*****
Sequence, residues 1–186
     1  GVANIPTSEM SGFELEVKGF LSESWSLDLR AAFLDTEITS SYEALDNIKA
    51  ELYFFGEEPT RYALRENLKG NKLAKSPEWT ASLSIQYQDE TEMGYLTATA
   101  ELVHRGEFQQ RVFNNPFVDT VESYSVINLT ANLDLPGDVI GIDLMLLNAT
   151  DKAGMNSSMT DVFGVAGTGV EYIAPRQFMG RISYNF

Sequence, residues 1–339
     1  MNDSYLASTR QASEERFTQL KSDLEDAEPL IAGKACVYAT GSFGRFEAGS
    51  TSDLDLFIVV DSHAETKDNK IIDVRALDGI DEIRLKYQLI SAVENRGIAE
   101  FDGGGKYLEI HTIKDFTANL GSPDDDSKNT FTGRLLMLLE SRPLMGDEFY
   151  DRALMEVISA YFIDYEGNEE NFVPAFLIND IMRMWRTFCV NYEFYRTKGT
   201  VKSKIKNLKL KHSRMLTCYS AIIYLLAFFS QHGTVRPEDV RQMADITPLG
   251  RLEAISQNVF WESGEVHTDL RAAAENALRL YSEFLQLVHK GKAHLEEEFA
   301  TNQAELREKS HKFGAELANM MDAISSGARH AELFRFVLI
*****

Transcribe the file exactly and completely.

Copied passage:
Sequence, residues 1–186
     1  GVANIPTSEM SGFELEVKGF LSESWSLDLR AAFLDTEITS SYEALDNIKA
    51  ELYFFGEEPT RYALRENLKG NKLAKSPEWT ASLSIQYQDE TEMGYLTATA
   101  ELVHRGEFQQ RVFNNPFVDT VESYSVINLT ANLDLPGDVI GIDLMLLNAT
   151  DKAGMNSSMT DVFGVAGTGV EYIAPRQFMG RISYNF

Sequence, residues 1–339
     1  MNDSYLASTR QASEERFTQL KSDLEDAEPL IAGKACVYAT GSFGRFEAGS
    51  TSDLDLFIVV DSHAETKDNK IIDVRALDGI DEIRLKYQLI SAVENRGIAE
   101  FDGGGKYLEI HTIKDFTANL GSPDDDSKNT FTGRLLMLLE SRPLMGDEFY
   151  DRALMEVISA YFIDYEGNEE NFVPAFLIND IMRMWRTFCV NYEFYRTKGT
   201  VKSKIKNLKL KHSRMLTCYS AIIYLLAFFS QHGTVRPEDV RQMADITPLG
   251  RLEAISQNVF WESGEVHTDL RAAAENALRL YSEFLQLVHK GKAHLEEEFA
   301  TNQAELREKS HKFGAELANM MDAISSGARH AELFRFVLI